While digging through the files from my days compiling "The Way We Were," (see previous post), I came across this article from the September 23, 1902 Elkhart Truth, by way of the La Porte (IN) Argus-Bulletin, headlined, "Once Famous Huckleberry Queen Is Dying:"
"The 'Huckleberry Queen,' a woman once famous throughout this section of the country, whose reckless will reigned supreme over a motley horde of criminals, is dying in a hut near Valparaiso.
"There is not a resident of northern Indiana who does not remember the existence of the strange aggregation of criminals that constituted a unique and terrible colony which was accustomed to assemble for three months of each year as regularly as the summer season rolled around in the center of the stretch of wild marsh country near the town of Walkerton, which forms the huckleberry regions of that section of Indiana. Who they were, whence they came, what they did during the remaining nine months of the year--these things the outside world has never learned. It was not safe for outsiders to venture into the marshes during the months 'Huckleberry Queen' held her court. The temporary colony was a band of reckless, daring criminals. They held the law in mockery and placed no higher value on an officer's life than the brass on his buttons. Hardly a crime existed but what was of daily occurrences within the swampy domains of the 'Huckleberry Queen.' The law was laughed at and openly defied."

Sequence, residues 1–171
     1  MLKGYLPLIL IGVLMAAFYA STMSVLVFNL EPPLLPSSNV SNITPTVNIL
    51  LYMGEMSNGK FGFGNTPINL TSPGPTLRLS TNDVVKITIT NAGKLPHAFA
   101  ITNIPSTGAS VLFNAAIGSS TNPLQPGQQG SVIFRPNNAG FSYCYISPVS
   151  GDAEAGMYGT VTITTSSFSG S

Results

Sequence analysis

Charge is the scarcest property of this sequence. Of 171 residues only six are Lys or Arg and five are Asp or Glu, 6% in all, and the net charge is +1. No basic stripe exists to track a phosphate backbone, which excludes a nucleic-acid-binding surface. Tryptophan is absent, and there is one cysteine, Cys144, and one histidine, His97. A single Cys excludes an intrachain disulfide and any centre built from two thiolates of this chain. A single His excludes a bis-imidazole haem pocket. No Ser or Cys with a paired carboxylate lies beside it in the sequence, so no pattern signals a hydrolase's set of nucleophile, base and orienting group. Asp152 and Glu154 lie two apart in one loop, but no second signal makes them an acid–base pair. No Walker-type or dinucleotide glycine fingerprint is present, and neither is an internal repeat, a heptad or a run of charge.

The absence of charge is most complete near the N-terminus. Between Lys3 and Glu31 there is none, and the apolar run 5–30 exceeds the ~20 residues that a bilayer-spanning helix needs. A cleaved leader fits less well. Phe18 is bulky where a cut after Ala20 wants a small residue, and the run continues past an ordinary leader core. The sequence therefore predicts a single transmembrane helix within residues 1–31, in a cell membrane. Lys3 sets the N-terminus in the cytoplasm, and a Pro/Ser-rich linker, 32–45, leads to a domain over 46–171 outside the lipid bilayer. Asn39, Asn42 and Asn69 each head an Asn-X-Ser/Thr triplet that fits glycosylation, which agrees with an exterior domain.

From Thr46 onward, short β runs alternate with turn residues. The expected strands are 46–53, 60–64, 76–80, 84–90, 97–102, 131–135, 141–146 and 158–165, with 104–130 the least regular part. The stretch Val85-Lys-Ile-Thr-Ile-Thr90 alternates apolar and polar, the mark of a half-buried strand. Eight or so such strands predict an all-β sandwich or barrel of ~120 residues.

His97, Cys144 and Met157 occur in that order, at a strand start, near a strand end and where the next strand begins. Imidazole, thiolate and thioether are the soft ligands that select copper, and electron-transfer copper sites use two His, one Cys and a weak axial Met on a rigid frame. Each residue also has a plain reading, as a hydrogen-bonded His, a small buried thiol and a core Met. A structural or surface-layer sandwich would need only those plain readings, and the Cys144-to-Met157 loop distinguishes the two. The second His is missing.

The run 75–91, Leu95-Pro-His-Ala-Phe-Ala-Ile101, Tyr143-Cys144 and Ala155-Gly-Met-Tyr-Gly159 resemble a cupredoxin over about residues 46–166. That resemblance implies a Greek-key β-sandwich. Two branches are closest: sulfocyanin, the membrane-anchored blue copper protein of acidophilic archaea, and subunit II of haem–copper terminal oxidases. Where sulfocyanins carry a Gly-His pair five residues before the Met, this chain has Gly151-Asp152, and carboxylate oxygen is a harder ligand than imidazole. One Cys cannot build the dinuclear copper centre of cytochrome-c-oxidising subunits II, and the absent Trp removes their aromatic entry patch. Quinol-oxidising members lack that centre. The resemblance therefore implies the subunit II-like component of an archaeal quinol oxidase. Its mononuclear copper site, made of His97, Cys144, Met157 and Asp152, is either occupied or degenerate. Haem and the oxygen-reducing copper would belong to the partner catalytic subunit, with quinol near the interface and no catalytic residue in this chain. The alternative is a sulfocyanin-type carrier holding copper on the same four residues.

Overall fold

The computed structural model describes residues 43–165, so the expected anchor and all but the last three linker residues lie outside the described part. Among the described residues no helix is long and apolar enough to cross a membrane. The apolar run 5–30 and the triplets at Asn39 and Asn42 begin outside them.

I did a Google search on the Huckleberry Queen and found this site from the Starke county Historical Society. (Scroll down until you get to the Huckleberry Queen link.) She doesn't appear to be the head of a criminal gang, but a strong-minded woman who didn't hide her sexuality. She could be violent when drunk. There appears to be no record of her killing anyone.
But in the late nineteenth century she must have been shocking. By 1902 she was proclaimed the head of a ruthless criminal gang. Both the legend and the real woman would make great characters in a novel or movie.